Sparse coding is a hot area in the field of Deep Learning. Deep learning and sparse coding appears highly promising for increasing the accuracy of image classification and it enables a system to look at tens of millions of images and to classify the information without human supervision. Increasing the accuracy of image and voice recognition can transform the interaction and experience that people have with search systems and artificial intelligence interfaces. A highly accurate voice recognition system means that people can just talk to a computer and not need keyboards and mice. This enables efficient and transformative new form factors for devices. Google, Baidu (dominant search engine in China) and Dwave Systems (adiabatic quantum computers) are all focused on Sparse coding and deep learning.
Dwave systems has a 512 qubit adiabatic quantum computer. They recently wrote up how to solve sparse coding using the Dwave system. The results are comparable to the best conventional systems. If Dwave systems are scaled to 2000 qubits the speed gain expected would be about 500,000 times. This would suggest that Dwave would be the fastest systems for important aspects of artificial intelligence and machine learning.
Dwave used the PiCloud python libraries, which allows us to run hundreds or thousands of parallel jobs to perform the optimization over the weights. As a rough estimate, for the optimization problems generated by MNIST, each optimization using FSS takes about 30 milliseconds, and there are 60,000 of these per iteration of the block descent procedure. If we run serially this is about 30 minutes per iteration. If we use 100 cores, we can send 600 jobs to each core, and get about 100x speed-up, taking the time down to about 20 seconds.
As an interesting aside, Dwave find that our own Python implementation of FSS is about the same in terms of performance as the original MATLAB code provided by Honglak Lee. This was a little surprising as the core computations run in highly optimized compiled code inside MATLAB. This is evidence that the routines within numpy are competitive with MATLAB’s versions for the core FSS computations.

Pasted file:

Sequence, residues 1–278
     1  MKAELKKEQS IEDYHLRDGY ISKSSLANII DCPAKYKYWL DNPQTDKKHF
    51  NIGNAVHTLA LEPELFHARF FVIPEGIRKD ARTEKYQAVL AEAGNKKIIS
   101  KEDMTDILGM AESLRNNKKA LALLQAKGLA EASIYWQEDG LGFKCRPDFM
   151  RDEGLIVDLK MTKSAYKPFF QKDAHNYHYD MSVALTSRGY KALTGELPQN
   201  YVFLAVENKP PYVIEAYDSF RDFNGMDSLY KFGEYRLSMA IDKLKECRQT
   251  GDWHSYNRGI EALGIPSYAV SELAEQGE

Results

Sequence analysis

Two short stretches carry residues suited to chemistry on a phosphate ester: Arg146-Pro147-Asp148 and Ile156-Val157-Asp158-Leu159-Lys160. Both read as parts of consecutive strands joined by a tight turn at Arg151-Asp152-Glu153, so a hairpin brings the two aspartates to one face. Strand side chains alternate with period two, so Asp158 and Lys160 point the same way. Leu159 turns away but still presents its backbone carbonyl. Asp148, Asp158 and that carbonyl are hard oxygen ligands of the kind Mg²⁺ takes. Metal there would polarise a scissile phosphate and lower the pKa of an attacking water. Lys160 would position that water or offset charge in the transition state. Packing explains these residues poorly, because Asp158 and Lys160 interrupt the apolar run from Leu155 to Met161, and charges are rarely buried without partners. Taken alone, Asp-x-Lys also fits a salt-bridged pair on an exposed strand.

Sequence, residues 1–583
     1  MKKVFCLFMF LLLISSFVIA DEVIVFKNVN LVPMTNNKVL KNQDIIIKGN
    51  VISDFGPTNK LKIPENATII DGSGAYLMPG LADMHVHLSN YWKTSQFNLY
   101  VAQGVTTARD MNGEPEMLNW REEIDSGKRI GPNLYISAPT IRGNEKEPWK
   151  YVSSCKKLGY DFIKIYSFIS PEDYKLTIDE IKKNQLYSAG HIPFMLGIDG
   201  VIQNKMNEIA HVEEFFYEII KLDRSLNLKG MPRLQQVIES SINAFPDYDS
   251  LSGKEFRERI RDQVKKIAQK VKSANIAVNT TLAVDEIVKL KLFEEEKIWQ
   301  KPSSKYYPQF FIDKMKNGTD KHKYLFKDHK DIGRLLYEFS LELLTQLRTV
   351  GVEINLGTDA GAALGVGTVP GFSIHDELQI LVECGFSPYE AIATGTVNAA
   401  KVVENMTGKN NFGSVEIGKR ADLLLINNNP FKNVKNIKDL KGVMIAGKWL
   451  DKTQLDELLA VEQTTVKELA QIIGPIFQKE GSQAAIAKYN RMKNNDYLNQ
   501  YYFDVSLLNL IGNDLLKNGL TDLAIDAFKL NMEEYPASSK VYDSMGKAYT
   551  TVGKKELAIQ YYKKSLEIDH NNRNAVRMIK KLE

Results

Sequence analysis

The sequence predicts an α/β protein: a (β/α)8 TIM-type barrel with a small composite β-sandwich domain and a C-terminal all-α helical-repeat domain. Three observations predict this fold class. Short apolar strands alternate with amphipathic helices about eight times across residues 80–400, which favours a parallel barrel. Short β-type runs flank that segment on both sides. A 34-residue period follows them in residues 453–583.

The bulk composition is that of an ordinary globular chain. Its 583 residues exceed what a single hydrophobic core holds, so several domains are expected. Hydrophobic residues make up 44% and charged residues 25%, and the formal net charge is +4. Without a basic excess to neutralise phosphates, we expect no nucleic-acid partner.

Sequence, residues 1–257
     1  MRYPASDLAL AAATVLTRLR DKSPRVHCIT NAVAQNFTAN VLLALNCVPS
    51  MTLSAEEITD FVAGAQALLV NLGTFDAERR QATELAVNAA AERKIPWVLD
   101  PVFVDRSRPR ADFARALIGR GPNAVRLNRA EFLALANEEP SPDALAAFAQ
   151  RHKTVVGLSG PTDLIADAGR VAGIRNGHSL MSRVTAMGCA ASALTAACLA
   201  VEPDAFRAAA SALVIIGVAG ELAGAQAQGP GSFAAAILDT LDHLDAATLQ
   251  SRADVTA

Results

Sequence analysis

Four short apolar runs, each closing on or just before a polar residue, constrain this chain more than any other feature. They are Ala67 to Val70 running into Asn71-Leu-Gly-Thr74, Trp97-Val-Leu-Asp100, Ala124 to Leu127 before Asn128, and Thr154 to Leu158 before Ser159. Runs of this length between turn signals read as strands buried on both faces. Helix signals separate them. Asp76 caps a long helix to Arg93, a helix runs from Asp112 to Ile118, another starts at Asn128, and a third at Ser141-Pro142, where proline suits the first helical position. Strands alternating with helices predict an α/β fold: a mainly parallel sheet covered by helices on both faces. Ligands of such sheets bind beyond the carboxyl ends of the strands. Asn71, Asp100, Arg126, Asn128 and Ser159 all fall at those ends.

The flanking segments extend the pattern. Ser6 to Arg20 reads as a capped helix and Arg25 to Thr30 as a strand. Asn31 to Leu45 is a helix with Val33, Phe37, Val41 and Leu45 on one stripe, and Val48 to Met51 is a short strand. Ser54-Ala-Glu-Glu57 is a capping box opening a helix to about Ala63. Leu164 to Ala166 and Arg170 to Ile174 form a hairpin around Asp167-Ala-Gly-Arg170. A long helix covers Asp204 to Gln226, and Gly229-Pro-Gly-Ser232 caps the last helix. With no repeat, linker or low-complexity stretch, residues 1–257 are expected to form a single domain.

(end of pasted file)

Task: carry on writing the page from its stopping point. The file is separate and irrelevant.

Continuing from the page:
Deep learning is a sub-field of machine learning (artificial intelligence) that is based on learning several levels of representations, corresponding to a hierarchy of features or factors or concepts, where higher-level concepts are defined from lower-level ones, and the same lower-level concepts can help to define many higher-level concepts.
Deep learning is part of a broader family of machine learning methods based on learning representations. An observation (e.g., an image) can be represented in many ways (e.g., a vector of pixels), but some representations make it easier to learn tasks of interest (e.g., is this the image of a human face?) from examples, and research in this area attempts to define what makes better representations and how to learn them.
The sparse code is a kind of neural code in which each item is encoded by the strong activation of a relatively small set of neurons. For each item to be encoded, this is a different subset of all available neurons.
As a consequence, sparseness may be focused on temporal sparseness (“a relatively small number of time periods are active”) or on the sparseness in an activated population of neurons. In this latter case, this may be defined in one time period as the number of activated neurons relative to the total number of neurons in the population. This seems to be a hallmark of neural computations since compared to traditional computers, information is massively distributed across neurons. A major result in neural coding from Olshausen et al. is that sparse coding of natural images produces wavelet-like oriented filters that resemble the receptive fields of simple cells in the visual cortex.
Summary of Sparse Coding
* Sparse coding is an effect way for(unsupervised) feature learning
* A building block for deep models
* Sparse coding and its local variants (LCC, SVC) have pushed the boundary of accuracies on Caltech101, PASCAL VOC, ImageNet
* Challenge: discriminative training is not straightforward